Consideration of petrographic and U-Pb provenance data and paleocurrent analysis of Kungurian (upper Leonardian) Cutler Group strata in the salt anticline province of the Paradox Basin of Utah demonstrates striking contrasts in composition and inferred sources of stratigraphically adjacent eolian and fluvial facies. Eolian strata, termed here the Castle Valley Sandstone, exposed in the Castle Valley northeast of Moab, Utah, and long correlated with the White Rim Sandstone, were deposited on the southwestern flank of a NW-trending diapiric salt wall. The eolian strata, which overlie red fluvial sandstone and conglomerate of the undifferentiated Cutler Formation, are as much as 183 m thick in outcrop and consist of two eolianite members separated by a thin sheet-flood deposit that contains pebbles derived from the salt wall and upturned conglomeratic strata adjacent to it. Both eolian and underlying fluvial deposits thin and onlap eastward onto the now-collapsed salt wall. Fluvial strata at Castle Valley and in exposures to the northeast were transported northwestward, parallel to the salt wall. Large-scale foresets in the lower eolianite member indicate dominant northeasterly wind directions (present coordinates) and transport directly away from the contemporary Uncompahgre uplift, whereas foresets in the upper member indicate variable northeasterly and northwesterly paleowinds. The eolian strata thus accumulated on the lee side of the salt wall, but sandstone composition and northwesterly wind components indicate net transport from the northwest, comparable with dominant southeastward sand transport, away from the Pangean shoreline, documented for the greater White Rim erg to the west and northwest. The NW and NE winds are both predicted by late Paleozoic atmospheric circulation models for western Pangea.
Cutler fluvial sandstones are compositional arkoses (mean Qt56F42L2) containing basement-derived detrital components that include potassium feldspar, plagioclase, biotite, and zircons with a restricted, bimodal age distribution of ∼1790–1689 Ma and ∼1466–1406 Ma. These grain ages exactly match known basement ages in the nearby Uncompahgre uplift. In contrast, the Castle Valley Sandstone ranges from quartz-rich arkose to subarkose and exhibits a consistent upsection decrease in feldspar content, from Qt71F27L2 in the lower eolianite member to Qt90F10L0 in the upper member. Like the underlying fluvial arkose, the lower eolianite member contains potassium feldspar, plagioclase, and mica derived from the Uncompahgre uplift, but the locally derived zircon age groups constitute only 23%–37% and 13% of the zircon grain ages in the lower and upper eolianite members, respectively; whereas older Archean and Paleoproterozoic grains, including ca. 1.5 Ga grains uncommon in the Laurentian detrital-zircon record, and Grenville, Neoproterozoic, and early Paleozoic grains constitute the bulk of the zircons. Quartzarenite of the greater White Rim erg contains detrital-zircon populations similar to those of the upper eolianite member. The Grenville and younger grains are interpreted as having an eastern Laurentian (Appalachian) source, whereas the ca. 1.5 Ga grains probably had an ultimate source in Baltica. Sediment-transport directions indicate that zircon grains not directly attributable to local basement of the Ancestral Rocky Mountains, including grains with a likely Baltica source, were transported to the western shoreline of Laurentia by transcontinental fluvial systems and then southeastward to their depositional site at the erg margin in salt-withdrawal minibasins.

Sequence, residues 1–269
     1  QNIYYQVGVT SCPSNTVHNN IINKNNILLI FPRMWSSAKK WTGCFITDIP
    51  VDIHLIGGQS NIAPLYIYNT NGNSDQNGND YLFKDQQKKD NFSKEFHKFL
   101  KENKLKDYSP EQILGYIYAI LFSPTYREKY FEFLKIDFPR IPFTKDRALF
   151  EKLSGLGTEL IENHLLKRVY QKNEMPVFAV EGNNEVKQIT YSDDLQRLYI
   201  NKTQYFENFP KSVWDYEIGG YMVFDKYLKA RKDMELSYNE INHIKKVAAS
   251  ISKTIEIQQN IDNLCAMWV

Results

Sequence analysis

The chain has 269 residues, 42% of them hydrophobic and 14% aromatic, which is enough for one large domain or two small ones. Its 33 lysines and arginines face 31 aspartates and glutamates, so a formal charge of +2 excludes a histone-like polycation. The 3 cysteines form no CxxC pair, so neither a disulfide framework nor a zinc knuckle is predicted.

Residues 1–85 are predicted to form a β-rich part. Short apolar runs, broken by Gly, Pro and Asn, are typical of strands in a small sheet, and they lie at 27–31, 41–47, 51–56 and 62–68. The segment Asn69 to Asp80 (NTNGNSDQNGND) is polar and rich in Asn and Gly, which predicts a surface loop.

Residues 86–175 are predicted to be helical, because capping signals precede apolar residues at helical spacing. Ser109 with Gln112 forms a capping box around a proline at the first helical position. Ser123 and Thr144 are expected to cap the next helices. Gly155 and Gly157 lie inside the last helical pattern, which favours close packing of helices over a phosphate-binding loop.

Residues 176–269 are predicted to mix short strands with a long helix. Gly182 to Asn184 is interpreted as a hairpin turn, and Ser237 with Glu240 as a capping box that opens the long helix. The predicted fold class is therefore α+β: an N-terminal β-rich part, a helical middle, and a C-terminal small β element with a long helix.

- Received 3 February 2015.
- Revision received 17 April 2015.
- Accepted 18 June 2015.
- © Geological Society of America